Troglitazone (Rezulin) has been reported to reduce the plasma concentrations of oral contraceptives by 30 percent through an unknown mechanism.17 No published studies are available, but the prescribing information suggests that this potential interaction can be managed by using an oral contraceptive pill containing a higher dosage of estrogen or by using an alternative method of contraception.
Potentially fatal interactions can occur with coadministration of cisapride (Propulsid) and other drugs. Cisapride has been associated with prolongation of the QT interval, torsades de pointes, syncope, cardiac arrest and sudden death.17 Some of these serious or fatal interactions have involved concomitant use of drugs that increase serum cisapride levels by inhibiting cytochrome P450 3A4, a pathway responsible for cisapride's metabolism.
The primary agents contraindicated for use with cisapride are certain macrolide antibiotics (erythromycin and clarithromycin), certain antifungal agents (fluconazole, itraconazole [Sporanox] and ketoconazole [Nizoral]), one antidepressant drug (nefazodone [Serzone]) and certain protease inhibitors (indinavir [Crixivan] and ritonavir [Norvir]).17
Most data on cisapride interactions are derived from case reports. However, current prescribing information warns against the coadministration of cisapride and any medications known to prolong the QT interval, such as class IA or III antiarrhythmic drugs, tricyclic antidepressants, erythromycin, clarithromycin and phenothiazines.17
Sildenafil (Viagra) is the first oral medication labeled by the U.S. Food and Drug Administration for the treatment of erectile dysfunction. Through inhibition of phosphodiesterase type 5, sildenafil enhances the effects of nitric oxide, potentiating penile erection after sexual arousal.18 Erectile dysfunction is often associated with common chronic diseases such as hypertension, heart disease and diabetes. Therefore, patients with erectile dysfunction are often taking other medications.
Sildenafil therapy is absolutely contraindicated in patients who are taking any form of nitrates, because of the potentiation of nitrate hypotensive effects. Sildenafil is primarily metabolized in the liver by cytochrome P450 3A4. Drugs that inhibit this enzyme, including erythromycin, cimetidine, ketoconazole and itraconazole, may increase plasma sildenafil concentrations. Sildenafil therapy should be initiated in the lowest dosage (25 mg) in patients who are also taking a cytochrome P450 3A4 inhibitor.18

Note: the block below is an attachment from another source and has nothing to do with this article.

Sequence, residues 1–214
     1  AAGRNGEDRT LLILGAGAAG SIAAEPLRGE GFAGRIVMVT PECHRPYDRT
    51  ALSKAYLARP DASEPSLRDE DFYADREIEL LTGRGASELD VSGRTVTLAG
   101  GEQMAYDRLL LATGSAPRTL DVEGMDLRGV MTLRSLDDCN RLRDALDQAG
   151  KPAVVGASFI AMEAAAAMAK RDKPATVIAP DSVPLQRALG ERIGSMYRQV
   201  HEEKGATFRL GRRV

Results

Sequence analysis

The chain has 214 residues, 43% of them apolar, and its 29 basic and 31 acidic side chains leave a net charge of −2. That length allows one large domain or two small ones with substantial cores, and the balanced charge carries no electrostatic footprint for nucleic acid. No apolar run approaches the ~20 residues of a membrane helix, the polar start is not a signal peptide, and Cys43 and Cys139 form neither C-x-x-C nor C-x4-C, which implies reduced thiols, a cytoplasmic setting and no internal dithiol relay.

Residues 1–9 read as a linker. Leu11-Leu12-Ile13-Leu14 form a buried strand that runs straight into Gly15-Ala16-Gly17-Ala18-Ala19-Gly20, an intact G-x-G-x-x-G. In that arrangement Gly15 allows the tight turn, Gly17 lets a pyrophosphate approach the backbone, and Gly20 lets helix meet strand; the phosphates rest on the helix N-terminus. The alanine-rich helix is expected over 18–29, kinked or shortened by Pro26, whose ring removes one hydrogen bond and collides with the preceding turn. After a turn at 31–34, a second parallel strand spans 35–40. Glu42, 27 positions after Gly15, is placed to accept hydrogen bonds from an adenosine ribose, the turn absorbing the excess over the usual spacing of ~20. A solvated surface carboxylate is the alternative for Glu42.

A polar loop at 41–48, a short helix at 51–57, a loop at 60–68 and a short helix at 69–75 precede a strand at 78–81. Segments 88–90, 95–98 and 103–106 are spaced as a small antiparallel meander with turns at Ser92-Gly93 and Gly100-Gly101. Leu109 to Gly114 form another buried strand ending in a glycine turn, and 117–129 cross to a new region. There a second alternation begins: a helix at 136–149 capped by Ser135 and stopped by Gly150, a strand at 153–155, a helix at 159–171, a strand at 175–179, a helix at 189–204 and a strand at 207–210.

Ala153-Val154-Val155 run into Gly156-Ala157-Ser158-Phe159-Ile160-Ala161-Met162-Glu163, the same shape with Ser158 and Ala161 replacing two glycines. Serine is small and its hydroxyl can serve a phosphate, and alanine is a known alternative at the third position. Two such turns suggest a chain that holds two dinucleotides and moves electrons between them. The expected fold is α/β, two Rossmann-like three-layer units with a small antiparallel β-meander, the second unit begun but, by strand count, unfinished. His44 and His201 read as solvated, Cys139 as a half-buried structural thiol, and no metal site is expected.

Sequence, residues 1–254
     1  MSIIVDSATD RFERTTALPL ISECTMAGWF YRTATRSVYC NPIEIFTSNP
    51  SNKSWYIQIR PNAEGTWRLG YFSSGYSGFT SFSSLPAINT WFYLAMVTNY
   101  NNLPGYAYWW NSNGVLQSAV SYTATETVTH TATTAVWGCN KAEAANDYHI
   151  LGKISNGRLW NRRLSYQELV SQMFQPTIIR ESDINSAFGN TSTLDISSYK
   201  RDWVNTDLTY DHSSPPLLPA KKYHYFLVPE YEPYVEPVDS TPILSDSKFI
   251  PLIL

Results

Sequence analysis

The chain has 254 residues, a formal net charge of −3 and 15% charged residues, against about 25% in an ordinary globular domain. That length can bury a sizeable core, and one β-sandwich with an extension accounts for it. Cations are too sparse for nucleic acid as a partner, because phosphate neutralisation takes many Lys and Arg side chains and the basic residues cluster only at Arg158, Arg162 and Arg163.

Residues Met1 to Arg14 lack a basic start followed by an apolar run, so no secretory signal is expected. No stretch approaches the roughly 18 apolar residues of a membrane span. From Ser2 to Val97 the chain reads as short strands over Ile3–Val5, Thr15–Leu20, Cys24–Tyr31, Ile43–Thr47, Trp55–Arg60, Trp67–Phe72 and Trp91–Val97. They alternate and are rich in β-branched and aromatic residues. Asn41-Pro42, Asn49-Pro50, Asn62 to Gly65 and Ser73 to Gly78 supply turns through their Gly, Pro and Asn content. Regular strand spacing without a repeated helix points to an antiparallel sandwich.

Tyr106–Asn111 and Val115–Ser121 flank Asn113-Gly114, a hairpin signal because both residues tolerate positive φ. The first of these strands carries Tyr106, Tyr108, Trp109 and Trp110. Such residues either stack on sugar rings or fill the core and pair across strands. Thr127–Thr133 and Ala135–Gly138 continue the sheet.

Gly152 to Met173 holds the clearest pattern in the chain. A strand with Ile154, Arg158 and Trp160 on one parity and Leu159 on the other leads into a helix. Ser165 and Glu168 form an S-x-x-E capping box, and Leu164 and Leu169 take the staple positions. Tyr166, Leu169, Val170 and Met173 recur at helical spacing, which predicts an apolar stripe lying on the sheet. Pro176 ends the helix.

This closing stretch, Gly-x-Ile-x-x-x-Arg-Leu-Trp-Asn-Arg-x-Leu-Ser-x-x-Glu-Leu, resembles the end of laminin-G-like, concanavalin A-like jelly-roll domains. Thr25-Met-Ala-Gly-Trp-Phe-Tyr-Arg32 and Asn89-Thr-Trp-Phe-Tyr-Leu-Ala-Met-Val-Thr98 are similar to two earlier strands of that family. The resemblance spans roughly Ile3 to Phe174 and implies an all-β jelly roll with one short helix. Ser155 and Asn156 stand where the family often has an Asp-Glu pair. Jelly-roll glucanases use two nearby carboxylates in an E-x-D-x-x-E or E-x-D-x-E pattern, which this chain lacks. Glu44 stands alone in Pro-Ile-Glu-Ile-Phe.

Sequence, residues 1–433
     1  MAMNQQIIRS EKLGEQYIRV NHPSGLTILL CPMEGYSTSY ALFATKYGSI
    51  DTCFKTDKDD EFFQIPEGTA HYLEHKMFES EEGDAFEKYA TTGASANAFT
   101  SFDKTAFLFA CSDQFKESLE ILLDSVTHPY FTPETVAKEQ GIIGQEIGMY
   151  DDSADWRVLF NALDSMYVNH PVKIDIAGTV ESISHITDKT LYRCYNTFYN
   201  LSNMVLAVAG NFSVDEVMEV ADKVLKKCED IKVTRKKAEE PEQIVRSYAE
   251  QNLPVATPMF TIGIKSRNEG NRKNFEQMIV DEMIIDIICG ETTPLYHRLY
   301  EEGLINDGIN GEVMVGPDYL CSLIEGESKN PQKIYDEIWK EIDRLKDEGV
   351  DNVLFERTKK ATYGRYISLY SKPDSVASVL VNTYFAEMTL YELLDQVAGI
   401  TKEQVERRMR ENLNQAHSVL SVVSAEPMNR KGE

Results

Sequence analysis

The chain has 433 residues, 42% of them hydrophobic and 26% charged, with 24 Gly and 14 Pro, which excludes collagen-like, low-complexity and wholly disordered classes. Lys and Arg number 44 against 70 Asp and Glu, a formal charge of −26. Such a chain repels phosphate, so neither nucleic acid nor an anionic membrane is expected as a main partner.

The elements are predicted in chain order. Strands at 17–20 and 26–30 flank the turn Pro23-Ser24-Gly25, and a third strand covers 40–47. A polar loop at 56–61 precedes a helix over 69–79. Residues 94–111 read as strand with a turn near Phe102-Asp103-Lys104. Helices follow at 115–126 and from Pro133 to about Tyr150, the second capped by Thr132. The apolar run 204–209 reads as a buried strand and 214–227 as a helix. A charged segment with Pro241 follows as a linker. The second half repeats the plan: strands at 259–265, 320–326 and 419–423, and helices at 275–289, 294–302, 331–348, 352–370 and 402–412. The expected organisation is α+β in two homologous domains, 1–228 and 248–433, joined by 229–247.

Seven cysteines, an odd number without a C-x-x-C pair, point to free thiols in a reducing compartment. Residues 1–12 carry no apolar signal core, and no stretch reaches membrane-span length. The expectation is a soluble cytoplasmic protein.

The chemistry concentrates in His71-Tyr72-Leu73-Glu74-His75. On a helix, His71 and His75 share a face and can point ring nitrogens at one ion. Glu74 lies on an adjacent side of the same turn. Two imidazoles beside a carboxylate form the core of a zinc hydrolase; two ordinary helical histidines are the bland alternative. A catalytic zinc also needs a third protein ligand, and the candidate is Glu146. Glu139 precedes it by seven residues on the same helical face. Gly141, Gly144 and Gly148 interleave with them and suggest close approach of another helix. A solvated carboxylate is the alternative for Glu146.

3-Hydroxy-3-Methylglutaryl Coenzyme A Reductase Inhibitors
The benefits of lowering cholesterol levels for the primary and secondary prevention of coronary artery disease have been well established. Most evidence supports using drugs that inhibit 3-hydroxy-3-methylglutaryl–coenzyme A (HMG-CoA) reductase in the liver, which is the main site of cholesterol synthesis.
The HMG-CoA reductase inhibitors (statins) include atorvastatin (Lipitor), cerivastatin (Baycol), fluvastatin (Lescol), lovastatin (Mevacor), pravastatin (Pravachol) and simvastatin (Zocor). These drugs are metabolized through the cytochrome P450 pathway.
Concomitant use of statins and erythromycin, itraconazole, niacin or gemfibrozil (Lopid) can cause toxicity that manifests as elevated serum transaminase levels, myopathy, rhabdomyolysis and acute renal failure.19 Used alone, any statin can cause these adverse effects. However, the risk of toxicity increases when statins are coadministered with certain drugs. Because this risk may be dose-dependent, the dosage should be limited to the equivalent of 20 mg of lovastatin per day when any statin is given in combination with an interacting drug.20
In many patients, HMG-CoA reductase inhibitors fail to lower triglyceride cholesterol levels to a desirable range. Although concomitant use of gemfibrozil or niacin with an HMG-CoA reductase inhibitor may appear clinically appropriate, these combinations have been associated with a 2 to 5 percent increase in the risk of myopathy.21 Case reports describing these interactions are questionable because gemfibrozil and niacin have independently been associated with myopathy.
Caution should be exercised when an HMG-CoA reductase inhibitor is used with gemfibrozil or niacin. If either combination is used, patients should be alert for muscle pain, tenderness or weakness. Creatine kinase levels should be measured if these symptoms occur.
Lovastatin may potentiate the effects of warfarin by displacing the drug from plasma protein binding sites or inhibiting hepatic metabolism of the drug. Although potentiation of warfarin by lovastatin has been reported in at least 10 patients, controlled trials in large numbers of patients are needed to discern the clinical importance of this effect.22 The INR should be monitored in patients who are taking lovastatin and warfarin, especially if the lovastatin dosage is changed.
Selective Serotonin Reuptake Inhibitors
Over the past 15 years, selective serotonin reuptake inhibitors (SSRIs) have become the most commonly used antidepressant drugs. These agents are generally well tolerated and have a more favorable side effect profile than tricyclic antidepressants. Nearly all SSRIs are metabolized by the cytochrome P450 system in the liver. All SSRIs except paroxetine (Paxil) have pharmacologically active metabolites.23
The most common interactions with SSRIs result from an inhibitory effect of the SSRI on the cytochrome P450 2D6 pathway, although variability in this inhibition exists. Concurrent use of SSRIs with agents metabolized by this pathway can result in increased serum concentrations of these agents.